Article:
And, yet, when the second servant fell to his knees and begged for mercy, the first servant was merciless. He began to choke him and even went so far as to throw him in prison until the debt was paid—which incidentally meant that the debt would never be paid, because the servant would not be able to work and earn money in prison. A few spectators who had witnessed these events went and told the king about them. The king summoned the first servant to appear in his presence once again and, when he arrived, said to him (in vv. 32-33): “You wicked servant! I forgave you all that debt because you pleaded with me. And should not you have had mercy on your fellow servant, as I had mercy on you?” And the king in anger threw the servant into prison until he should pay all of his $8 billion debt (v. 34).

The parable concludes with Jesus’s words summarizing and applying what this means for you and me: “So also my heavenly Father will do to every one of you, if you do not forgive your brother from your heart” (v. 35). Jesus’s point would seem to be that you and I are just like the first servant. We have been forgiven a debt of 10,000 talents (and more) by the King of the universe. And having been forgiven much, we should forgive others much (Luke 7:47). If we then withhold forgiveness from our fellow servants who owe us debts that are far smaller and more manageable, then we show either that we have never actually experienced the forgiveness of the King or that we think the debt we owe Him is relatively small in comparison to what others owe us.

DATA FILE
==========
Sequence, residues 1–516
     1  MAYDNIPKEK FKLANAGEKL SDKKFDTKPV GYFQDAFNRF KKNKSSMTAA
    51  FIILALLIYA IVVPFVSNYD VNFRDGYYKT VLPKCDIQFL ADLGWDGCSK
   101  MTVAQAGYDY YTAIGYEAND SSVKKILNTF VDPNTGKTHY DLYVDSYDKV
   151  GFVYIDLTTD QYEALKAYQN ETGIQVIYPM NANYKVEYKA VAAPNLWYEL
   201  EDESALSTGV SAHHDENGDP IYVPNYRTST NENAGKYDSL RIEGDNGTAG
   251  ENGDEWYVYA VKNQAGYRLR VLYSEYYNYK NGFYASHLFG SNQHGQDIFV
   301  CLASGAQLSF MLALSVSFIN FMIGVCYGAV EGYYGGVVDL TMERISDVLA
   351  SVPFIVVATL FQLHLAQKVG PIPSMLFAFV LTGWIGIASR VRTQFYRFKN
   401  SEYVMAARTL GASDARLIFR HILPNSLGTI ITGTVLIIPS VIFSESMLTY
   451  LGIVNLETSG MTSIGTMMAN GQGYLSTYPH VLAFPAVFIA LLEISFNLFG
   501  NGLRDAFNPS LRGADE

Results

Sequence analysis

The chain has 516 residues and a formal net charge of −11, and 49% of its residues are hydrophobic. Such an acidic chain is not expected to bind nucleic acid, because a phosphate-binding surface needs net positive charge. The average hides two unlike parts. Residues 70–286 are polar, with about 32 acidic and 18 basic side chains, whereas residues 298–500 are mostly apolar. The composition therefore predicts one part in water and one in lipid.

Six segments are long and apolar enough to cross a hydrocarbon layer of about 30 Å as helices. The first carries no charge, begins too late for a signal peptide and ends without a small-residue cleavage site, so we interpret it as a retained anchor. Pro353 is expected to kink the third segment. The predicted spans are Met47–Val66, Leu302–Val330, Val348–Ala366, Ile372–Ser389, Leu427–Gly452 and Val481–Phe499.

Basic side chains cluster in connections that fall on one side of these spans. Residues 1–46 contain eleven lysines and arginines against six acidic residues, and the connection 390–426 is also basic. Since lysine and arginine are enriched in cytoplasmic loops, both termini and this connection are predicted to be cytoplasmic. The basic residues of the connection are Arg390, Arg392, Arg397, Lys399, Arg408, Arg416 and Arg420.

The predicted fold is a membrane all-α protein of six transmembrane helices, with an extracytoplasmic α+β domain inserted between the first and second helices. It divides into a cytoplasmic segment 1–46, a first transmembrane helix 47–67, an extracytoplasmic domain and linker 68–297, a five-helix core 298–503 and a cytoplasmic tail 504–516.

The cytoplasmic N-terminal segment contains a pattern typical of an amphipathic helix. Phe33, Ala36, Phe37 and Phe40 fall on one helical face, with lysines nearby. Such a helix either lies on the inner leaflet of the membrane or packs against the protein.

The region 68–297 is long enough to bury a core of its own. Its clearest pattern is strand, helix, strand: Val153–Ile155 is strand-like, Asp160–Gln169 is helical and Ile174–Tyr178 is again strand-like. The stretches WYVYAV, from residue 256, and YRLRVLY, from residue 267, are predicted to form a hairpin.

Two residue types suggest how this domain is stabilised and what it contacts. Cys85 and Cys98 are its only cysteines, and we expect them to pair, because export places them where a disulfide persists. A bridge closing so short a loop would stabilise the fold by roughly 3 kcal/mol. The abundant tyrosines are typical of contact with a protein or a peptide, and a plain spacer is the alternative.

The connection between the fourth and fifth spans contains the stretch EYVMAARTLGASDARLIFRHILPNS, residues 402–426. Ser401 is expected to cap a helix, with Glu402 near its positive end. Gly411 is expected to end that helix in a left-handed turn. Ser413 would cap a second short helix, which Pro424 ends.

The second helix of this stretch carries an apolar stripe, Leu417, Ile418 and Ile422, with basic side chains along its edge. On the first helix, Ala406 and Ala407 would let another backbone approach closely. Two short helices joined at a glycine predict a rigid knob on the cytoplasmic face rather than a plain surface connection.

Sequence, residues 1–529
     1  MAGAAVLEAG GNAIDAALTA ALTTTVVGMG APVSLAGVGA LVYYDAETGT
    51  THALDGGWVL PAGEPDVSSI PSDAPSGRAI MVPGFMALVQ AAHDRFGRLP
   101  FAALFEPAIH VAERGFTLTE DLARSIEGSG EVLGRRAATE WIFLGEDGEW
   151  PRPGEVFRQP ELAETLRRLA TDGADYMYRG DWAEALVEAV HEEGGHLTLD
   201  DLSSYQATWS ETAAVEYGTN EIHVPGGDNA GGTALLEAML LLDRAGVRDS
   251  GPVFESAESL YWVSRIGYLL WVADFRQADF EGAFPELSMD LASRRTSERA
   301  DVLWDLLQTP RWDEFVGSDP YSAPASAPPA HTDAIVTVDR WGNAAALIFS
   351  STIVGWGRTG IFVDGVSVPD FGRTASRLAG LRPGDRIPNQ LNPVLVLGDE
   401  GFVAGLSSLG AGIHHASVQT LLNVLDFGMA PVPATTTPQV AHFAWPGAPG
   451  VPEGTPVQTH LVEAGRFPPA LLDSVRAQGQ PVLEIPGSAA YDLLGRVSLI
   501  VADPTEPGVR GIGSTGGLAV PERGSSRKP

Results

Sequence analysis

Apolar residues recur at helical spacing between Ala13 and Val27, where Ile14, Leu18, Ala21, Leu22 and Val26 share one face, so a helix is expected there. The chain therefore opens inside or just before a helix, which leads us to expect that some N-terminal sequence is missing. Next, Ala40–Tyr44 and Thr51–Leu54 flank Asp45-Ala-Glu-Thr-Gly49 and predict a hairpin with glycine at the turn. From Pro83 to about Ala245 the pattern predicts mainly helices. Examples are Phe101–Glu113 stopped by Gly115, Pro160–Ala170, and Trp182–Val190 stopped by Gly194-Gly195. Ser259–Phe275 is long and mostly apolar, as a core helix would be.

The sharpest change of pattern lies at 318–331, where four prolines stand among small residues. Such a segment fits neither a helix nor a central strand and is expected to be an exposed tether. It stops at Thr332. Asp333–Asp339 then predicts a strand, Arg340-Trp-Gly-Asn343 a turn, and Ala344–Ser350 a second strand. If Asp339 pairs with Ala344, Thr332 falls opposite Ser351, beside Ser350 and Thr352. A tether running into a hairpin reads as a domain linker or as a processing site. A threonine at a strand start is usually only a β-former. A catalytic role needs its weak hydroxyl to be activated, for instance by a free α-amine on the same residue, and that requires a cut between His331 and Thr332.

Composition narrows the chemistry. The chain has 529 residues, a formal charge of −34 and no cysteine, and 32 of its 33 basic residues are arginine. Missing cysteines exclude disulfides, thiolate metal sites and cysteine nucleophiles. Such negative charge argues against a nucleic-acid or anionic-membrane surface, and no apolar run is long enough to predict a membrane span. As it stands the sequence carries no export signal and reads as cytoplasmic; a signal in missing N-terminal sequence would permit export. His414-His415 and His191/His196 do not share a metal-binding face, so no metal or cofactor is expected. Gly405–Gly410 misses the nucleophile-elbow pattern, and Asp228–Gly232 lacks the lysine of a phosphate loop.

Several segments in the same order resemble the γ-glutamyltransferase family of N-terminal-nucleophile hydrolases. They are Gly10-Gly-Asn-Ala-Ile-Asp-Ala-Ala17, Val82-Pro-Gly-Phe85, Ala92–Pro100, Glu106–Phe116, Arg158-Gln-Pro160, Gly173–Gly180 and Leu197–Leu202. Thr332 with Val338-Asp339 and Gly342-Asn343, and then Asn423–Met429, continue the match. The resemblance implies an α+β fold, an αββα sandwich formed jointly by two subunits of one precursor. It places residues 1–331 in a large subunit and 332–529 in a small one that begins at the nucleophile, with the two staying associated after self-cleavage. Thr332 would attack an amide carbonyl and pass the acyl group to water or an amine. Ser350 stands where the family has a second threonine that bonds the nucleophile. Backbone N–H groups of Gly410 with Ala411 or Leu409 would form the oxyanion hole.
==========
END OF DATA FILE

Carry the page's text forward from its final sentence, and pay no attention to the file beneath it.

When I lived in Jackson, MS, I owned an old house that was built in the 1950s. The living room didn’t have an overhead light. We had to place lamps around the perimeter of the room so that we could see. That meant the living room was always dimly lit. Every time I looked into the mirror, I noticed how good I looked. The room was so poorly lit that my complexion looked pristine and as though I had been in the sun all summer long. But in the same house, we also had a bathroom with an old light fixture that must have had 15 light bulbs in it. Every time I looked in the bathroom mirror, I would come away discouraged because I could see every defect in my skin. It was totally depressing. I found myself wondering why I couldn’t look the way I looked in the living room mirror when I was in the bathroom.